Digital Firm Blamed for Romney Loss Now Working for Marco Rubio, RNC

Targeted Victory has only gotten bigger since the mistakes Republicans say they made on the Romney campaign.

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In the wake of Obama's sweeping second term victory, conservatives looking for a scapegoat found a convenient one in Zac Moffatt, Romney's digital director and a cofounder of the major GOP digital ad firm Targeted Victory. Fellow Republicans criticized Moffatt's team as having been incapable or too pricey, according to the National Journal. And questions about Romney's troubled get-out-the-vote operation, Project Orca, inevitably focused on Moffatt even though he was barely involved.

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Breitbart editor Mike Flynn was among those angry at the digital team, tweeting just days after the election: "Zac Moffatt made millions while he screwed the country because of his incompetence. Can we please agree that he is done in politics?"

Not so fast.

Today, Moffatt's Targeted Victory says they have more clients than they ever have before. Those clients include some of the most coveted groups of the GOP, including the Republican National Committee, American Crossroads and Crossroads GPS, Marco Rubio's Reclaim America PAC, Paul Ryan's Prosperity PAC, and the Republican Jewish Coalition, according to the firm.

Last month, Targeted Victory posted 13 new job listings on its site, saying it was "beginning to gear up for 2014 and beyond ... [and] looking to expand." In an interview, Moffatt says more than 300 people responded. Yet some young digital guns in the Republican party question why those who they say failed the Romney campaign are still around.

At a "Blogger Briefing" event hosted at the Heritage Foundation Tuesday, prominent conservative blogger Ben Domenech said "a great housecleaning" needed to happen in the GOP but that "the people who were in charge are still frankly getting the money."

The National Journal reports Targeted Victory was paid $17 million by the Romney campaign, not including Moffatt's salary or salaries of other digital staffers that worked for the campaign. The Center for Responsive Politics puts that number higher, at more than $26 million paid to the firm. Moffatt says the vast majority of that money went to online advertising, and that Targeted Victory acted as a sort of conduit to pay other firms.

[PHOTOS: Mitt Romney Concedes the Presidential Race]

Justin Hart, who was head of special digital projects for the Romney campaign, said Tuesday that the failures of the Romney digital team extended beyond the high cost.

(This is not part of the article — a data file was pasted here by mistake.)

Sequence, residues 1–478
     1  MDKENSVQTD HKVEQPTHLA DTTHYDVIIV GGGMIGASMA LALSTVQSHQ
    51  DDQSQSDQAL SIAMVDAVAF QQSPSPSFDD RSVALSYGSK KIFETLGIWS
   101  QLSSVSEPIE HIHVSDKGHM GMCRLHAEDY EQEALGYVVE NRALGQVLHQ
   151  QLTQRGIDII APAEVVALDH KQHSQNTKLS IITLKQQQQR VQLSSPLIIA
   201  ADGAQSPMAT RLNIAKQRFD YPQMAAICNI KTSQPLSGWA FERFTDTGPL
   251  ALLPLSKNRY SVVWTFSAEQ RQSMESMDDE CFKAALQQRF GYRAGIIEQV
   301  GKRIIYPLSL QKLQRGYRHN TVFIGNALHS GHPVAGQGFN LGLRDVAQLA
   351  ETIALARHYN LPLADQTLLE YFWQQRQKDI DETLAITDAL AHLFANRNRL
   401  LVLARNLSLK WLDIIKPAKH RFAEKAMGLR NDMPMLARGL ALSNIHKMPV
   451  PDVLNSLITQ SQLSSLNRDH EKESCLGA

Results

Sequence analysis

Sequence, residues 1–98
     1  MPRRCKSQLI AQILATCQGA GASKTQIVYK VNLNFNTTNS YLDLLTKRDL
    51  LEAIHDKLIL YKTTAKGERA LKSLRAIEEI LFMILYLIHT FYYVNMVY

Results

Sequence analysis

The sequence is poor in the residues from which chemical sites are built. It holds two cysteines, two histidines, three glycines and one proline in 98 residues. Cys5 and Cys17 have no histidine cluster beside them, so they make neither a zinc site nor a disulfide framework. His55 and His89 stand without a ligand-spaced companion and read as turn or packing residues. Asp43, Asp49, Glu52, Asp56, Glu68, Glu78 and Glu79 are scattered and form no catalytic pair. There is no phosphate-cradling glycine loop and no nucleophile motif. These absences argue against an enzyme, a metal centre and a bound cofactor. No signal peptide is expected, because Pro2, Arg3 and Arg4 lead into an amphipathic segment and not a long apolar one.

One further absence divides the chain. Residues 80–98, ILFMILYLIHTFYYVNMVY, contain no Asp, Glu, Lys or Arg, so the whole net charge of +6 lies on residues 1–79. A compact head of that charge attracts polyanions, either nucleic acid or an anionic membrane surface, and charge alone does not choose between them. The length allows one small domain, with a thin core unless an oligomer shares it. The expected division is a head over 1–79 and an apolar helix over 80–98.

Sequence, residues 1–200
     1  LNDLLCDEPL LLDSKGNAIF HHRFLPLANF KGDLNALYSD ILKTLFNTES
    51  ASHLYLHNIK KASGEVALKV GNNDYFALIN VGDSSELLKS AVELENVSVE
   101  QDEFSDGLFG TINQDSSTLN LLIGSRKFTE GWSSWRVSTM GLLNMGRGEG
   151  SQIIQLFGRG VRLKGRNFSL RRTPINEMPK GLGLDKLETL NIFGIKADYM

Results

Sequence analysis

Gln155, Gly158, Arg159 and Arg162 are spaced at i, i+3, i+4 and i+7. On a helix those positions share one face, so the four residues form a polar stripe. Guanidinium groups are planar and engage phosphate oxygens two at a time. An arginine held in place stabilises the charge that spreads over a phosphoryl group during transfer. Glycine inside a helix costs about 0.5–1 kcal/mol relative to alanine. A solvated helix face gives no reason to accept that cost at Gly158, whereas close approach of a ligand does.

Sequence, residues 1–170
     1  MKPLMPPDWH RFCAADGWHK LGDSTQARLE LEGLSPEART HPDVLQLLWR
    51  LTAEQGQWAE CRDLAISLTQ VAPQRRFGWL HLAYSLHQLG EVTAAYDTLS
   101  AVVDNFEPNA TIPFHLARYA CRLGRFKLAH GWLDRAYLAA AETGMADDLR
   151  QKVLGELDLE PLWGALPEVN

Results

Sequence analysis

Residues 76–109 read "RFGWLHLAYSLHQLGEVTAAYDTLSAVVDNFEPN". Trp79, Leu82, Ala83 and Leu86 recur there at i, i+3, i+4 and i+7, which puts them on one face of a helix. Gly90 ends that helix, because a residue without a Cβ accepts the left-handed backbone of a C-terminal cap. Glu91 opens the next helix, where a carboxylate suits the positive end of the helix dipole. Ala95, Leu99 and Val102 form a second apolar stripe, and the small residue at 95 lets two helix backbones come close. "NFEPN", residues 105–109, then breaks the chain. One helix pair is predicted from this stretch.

"We've got to hire technologists first and politicos second. And that wasn't the case on the campaign," he said at the briefing. "Even if Obama was that far ahead of us, there's no reason why we couldn't try to excel... I think we made our decision that we weren't going to try to beat him."

Back in August, Moffatt told Whispers he "always knew we would be outspent by the Obama campaign" but that the Romney campaign would just have to be smarter.

Today, Moffatt hasn't wavered in his resolve, saying Targeted Victory did what they could. His cofounder at Targeted Victory, Michael Beach, agrees, and hits back against criticism of the firm.

The critics are "the same people that either lost to Mitt Romney in the primary or were not good enough to be hired by the 7+ candidates that ran in the field," Beach said in an emailed statement. Vincent Harris, a political strategist who ran online operations for Texas Governor Rick Perry and then former House Speaker Newt Gingrich, recently slammed the Romney campaign as "a very insular, closed operation" in a New York Times story about the Internet and the GOP.

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Targeted Victory's post-election work has already started to gather critics, too. On Monday, RedState's Ron Robinson pointed out that mass emails sent from the RNC (via Targeted Victory) contained cut and pasted code from the Romney campaign pages, and that supporters who tried to respond to those emails were directed to an address that looked like a bot instead of a real person.

"The RNC still insists it is going to learn how to play a better digital game," Robinson wrote. "Those of us who have a bit of digital sense are not going to believe the RNC until we see things like this change."

But Moffatt isn't concerned about his critics, noting that "the marketplace will, as always, determine the best solutions." So far, Targeted Victory is winning.

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